He’s also a certified executive coach who works with entrepreneurs, executives and senior managers of start-ups, as well as an adjunct professor at the Mount Royal University Bissett School of Business.

Even so, Hu still found time to race bikes, both on the track and the road.

Chapter 2

A shift occurs in cycling

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In the back of his mind, Hu continued to think about the bike industry, knowing that he wanted to do something that involved bicycles.

His first opportunity came in the 1990s. He had a few friends, all engineers, attempted to set up a shop that would manufacture custom mountain bike frames. They built a few frames and then decided to put the idea on the back shelf. They’d arrived too late.

Mountain biking was undergoing one of its regular, periodic transitions.

As a sport, mountain biking originated back in the 19th Century. The Mountain Bike Hall of Fame cites the 25th Infantry Bicycle Corps, a regiment of riders who in August 1896 rode from Missoula, Montana to Yellowstone National Park and back.

“Their mission: to test the bicycle for military use in mountainous terrain.”

Mountain biking as the sport we know today was born in the mountains of Marin County just outside of San Francisco. There, on Mount Tamalpais, the popular mountain bike scene started to explode in the early ‘70s when riders began restoring and modifying old Schwinn bikes, among others, and blasting them down the mountainside as fast as they could go.

Mountain bike pioneer Charlie Kelly on Mount Tam in the '70s. Photo from Charlie Kelly
Mountain bike pioneer Charlie Kelly on Mount Tam in the '70s. Photo from Charlie Kelly

Some of the sport’s earliest frame builders were among the riders, including Gary Fisher and Charlie Kelly. As mountain biking matured, frame builders like Fisher and Tom Ritchey used lighter materials to fashion faster, rigid bike frames, which for many years became the industry standard.

But by the time Hu and his friends decided to get into the business the classic, rigid frames with steel tubes brazed together were becoming a thing of the past. The market was shifting to bikes with front and rear suspension.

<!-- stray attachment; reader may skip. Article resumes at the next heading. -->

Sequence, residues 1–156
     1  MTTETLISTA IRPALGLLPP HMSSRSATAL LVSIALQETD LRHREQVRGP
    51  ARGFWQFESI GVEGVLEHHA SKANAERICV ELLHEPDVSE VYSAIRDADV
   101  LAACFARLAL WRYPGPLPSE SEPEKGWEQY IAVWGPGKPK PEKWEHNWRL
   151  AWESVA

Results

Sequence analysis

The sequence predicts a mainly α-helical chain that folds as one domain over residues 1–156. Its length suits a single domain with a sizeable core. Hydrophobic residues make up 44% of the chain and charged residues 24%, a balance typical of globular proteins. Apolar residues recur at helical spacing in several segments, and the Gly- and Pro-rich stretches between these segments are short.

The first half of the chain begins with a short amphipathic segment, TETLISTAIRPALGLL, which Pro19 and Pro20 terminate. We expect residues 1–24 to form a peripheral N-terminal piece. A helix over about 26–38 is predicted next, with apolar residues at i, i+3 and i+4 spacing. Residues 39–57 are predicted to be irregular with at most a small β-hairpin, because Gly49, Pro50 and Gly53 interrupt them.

“There was just too much engineering in them to contemplate,” Hu remembers. “We quickly realized at the time that by our calculations were going to make something like $3 an hour.”

At the same time this was happening, Hu was becoming equally disenchanted with racing. At the industry level, cycling had gone from a grassroots movement to a big business and changes - not necessarily good ones - were sweeping through the bicycle world.

For one thing, drug doping was becoming prevalent, even in the amateur world Hu raced in. “Steroid and drug culture was just frustrating and it turned me off a lot - especially when I was in amateur races and the guys at the amateur races were doping,” Hu says.

Lance Armstrong. Photo from Lance Armstrong
Lance Armstrong. Photo from Lance Armstrong

“That was the thing that turned me off organized racing.”

Because of industry connections, Hu also became aware earlier than most that at the professional level the much-revered, multiple Tour de France winner, Lance Armstrong, was doping as well.

It wouldn’t be until 2013 that Armstrong would go on the Oprah Winfrey show and confess on-air in front of millions of viewers to the television host, irrevocably shaking up the professional cycling world forever.

Chapter 3

Reinventing the wheel

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Even as Hu pulled away from racing, he watched the cycling business transform itself into an industry behemoth. Since 2003, annual sales in the U.S. have fluctuated between $5.8 and $6.1 billion.

Somewhere along the way, bikes suddenly introduced annual models with new must-have color schemes, fashions and ever-lighter technology. “I was getting a little jaded by the mentality of big business running bicycles and bicycles becoming more of a fashion,” Hu says.

By 2000, Hu spent his time doing a lot of solo touring, building bikes for himself and his friends, and just riding to ride. But then he came across 650B wheels.

The 650-B was an example of the bike industry literally reinventing the wheel.

At the time the standard wheel sizes were 26 inches for mountain bikes and 700 cc for road bikes. The industry was just beginning to introduce the 29-inch mountain bike wheel, which was gaining traction because the larger wheel rolled better through the trails.